Change in Antimicrobial Therapy Based on Bronchoalveolar Lavage Data Improves Outcomes in ICU Patients with Suspected Pneumonia

Bharti Chogtu, Vrinda Mariya Elenjickal, Dharma U. Shetty, Mahsheeba Asbin, Vasudeva Guddattu, Rahul Magazine

Research output: Contribution to journalArticlepeer-review


Flexible bronchoscopy (FB) is often performed in critically ill patients with suspected pneumonia. It is assumed that there will be an association with improved outcomes when bronchoalveolar lavage (BAL) data lead to a change in antimicrobial therapy. Methods. This study included a retrospective cohort of intensive care unit (ICU) patients who underwent FB for a diagnosis of suspected pneumonia. The study compared the outcome of patients in whom antimicrobial modification was carried out based on BAL reports versus those in whom it was not carried out. Cases where the procedure could not be completed or had incomplete records were excluded. The FB reports were accessed from the register maintained in the Department of Respiratory Medicine. The demographic details, clinical symptoms, laboratory investigations, and microbiological and radiology reports were recorded. Data on the antmicrobial therapy that the patients received during treatment and the outcome of the treatment were obtained from the case records and noted in the data collection form. Results. Data from a total of 150 patients admitted to the ICU, who underwent FB, were analyzed. The outcomes in the group where antimicrobial modification based on bronchoalveolar lavage (BAL) fluid reports was carried out versus the no-change group were as follows: expired 23, improved 82, unchanged 8 versus expired 12, improved 18, and unchanged 7 (p=0.018); total duration of ICU stay 13.12 ± 10.61 versus 19.43 ± 13.4 days (p=0.012); and duration from FB to discharge from ICU 6.33 ± 3.76 days versus 8.46 ± 5.99 (p=0.047). The median total duration of ICU stay and clinical outcomes were significantly better in the nonintubated patients in whom BAL-directed antimicrobial modification was implemented. Distribution of microorganisms based on BAL reports was as follows: Acinetobacter baumanii 45 (30%), Klebsiella pneumoniae 37 (24.66%), Escherichia coli 9 (6%), and Pseudomonas aeruginosa 9 (6%). Conclusion. A change in antimicrobial therapy based on BAL data was associated with improved outcomes. The commonest bacterial isolate in the BAL fluid was Acinetobacter baumanii.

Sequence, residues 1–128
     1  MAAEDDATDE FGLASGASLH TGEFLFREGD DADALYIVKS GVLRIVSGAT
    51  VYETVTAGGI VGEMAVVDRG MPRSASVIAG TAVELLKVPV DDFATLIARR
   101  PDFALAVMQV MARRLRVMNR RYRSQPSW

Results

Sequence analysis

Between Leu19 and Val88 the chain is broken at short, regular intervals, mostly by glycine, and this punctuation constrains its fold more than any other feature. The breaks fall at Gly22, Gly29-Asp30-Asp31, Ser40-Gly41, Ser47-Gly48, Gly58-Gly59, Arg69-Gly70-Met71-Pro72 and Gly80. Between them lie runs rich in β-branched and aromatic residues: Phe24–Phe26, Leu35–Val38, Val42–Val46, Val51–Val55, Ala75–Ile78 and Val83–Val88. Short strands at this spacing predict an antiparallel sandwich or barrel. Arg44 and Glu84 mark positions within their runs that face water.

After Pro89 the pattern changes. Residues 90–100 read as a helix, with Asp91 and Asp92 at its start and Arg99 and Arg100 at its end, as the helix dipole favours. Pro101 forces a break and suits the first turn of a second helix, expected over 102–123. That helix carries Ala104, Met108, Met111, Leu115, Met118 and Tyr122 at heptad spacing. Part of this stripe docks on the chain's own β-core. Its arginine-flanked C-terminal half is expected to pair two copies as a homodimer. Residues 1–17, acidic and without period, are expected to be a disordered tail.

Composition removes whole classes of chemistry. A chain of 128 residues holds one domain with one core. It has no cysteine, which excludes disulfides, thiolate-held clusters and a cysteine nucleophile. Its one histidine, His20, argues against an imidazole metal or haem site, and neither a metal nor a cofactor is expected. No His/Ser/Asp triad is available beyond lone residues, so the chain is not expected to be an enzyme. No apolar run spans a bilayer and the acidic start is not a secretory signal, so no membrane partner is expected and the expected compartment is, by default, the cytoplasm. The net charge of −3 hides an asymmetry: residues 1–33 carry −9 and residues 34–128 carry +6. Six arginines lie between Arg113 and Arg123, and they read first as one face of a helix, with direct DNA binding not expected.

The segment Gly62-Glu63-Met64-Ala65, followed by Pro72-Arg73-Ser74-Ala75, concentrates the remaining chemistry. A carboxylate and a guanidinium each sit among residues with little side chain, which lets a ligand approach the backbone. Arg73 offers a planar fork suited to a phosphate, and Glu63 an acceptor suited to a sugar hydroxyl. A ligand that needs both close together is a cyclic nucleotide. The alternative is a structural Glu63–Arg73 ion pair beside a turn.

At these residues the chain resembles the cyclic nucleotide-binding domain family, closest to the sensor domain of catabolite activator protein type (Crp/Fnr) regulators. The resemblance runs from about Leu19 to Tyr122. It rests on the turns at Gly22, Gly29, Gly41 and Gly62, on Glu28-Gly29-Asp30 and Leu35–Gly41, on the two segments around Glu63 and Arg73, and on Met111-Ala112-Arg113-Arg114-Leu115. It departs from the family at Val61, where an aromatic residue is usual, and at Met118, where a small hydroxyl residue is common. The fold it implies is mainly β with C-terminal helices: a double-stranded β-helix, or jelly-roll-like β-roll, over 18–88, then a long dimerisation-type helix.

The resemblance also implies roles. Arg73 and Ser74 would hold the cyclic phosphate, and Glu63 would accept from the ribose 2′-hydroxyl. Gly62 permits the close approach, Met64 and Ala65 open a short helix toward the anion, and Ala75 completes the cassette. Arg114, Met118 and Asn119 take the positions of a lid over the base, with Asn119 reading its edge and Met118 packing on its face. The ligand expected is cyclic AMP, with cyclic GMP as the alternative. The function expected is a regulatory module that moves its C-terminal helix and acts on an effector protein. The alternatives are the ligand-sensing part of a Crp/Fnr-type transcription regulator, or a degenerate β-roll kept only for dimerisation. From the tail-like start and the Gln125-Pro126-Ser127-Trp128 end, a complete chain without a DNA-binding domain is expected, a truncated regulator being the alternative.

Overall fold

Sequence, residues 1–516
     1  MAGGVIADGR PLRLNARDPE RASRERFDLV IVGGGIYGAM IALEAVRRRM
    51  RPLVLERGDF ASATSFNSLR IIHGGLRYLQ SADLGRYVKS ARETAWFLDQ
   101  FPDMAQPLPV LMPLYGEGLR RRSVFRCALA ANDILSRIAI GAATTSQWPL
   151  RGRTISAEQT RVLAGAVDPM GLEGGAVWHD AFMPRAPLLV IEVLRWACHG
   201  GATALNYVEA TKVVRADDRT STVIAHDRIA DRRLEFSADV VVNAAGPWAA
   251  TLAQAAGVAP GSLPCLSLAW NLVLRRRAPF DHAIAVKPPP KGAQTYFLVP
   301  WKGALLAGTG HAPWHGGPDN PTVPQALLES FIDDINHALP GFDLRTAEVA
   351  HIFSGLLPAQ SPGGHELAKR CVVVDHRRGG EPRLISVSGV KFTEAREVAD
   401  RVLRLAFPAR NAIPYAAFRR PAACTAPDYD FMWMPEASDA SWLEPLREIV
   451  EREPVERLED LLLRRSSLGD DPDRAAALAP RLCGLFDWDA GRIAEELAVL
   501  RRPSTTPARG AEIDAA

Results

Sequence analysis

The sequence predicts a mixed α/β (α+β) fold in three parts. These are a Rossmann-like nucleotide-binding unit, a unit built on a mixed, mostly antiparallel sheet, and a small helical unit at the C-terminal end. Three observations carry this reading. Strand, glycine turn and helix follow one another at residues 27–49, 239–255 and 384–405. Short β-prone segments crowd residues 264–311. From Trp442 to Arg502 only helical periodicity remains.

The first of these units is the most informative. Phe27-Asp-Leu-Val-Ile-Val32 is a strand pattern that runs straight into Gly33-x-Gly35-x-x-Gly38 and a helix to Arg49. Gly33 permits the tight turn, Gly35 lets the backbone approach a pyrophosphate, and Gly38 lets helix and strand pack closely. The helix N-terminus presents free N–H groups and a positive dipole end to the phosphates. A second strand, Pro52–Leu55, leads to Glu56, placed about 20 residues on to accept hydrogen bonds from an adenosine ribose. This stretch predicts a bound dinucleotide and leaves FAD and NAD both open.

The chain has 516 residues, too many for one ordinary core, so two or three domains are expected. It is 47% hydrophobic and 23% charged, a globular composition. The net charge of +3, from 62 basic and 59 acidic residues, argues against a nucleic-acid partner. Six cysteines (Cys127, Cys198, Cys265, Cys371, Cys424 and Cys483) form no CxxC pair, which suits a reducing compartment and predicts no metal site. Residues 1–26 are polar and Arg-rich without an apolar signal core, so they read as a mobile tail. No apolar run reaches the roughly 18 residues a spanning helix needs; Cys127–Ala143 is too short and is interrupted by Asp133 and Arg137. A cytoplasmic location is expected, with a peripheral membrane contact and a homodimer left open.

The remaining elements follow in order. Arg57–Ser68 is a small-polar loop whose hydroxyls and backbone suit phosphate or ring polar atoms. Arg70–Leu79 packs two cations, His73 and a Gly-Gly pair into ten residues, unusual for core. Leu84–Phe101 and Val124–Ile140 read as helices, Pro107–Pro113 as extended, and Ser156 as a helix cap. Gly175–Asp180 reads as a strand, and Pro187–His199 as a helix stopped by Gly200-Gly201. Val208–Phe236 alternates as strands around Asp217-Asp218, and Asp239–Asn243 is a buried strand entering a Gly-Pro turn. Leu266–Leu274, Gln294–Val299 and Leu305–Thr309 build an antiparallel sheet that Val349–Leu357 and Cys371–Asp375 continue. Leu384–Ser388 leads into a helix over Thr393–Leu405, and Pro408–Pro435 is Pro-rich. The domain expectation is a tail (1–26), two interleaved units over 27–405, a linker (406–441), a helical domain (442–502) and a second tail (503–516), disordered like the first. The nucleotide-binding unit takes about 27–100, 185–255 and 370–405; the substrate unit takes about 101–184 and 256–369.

Original languageEnglish
Article number6928319
JournalCritical Care Research and Practice
Publication statusPublished - 2023

All Science Journal Classification (ASJC) codes

  • Critical Care and Intensive Care Medicine


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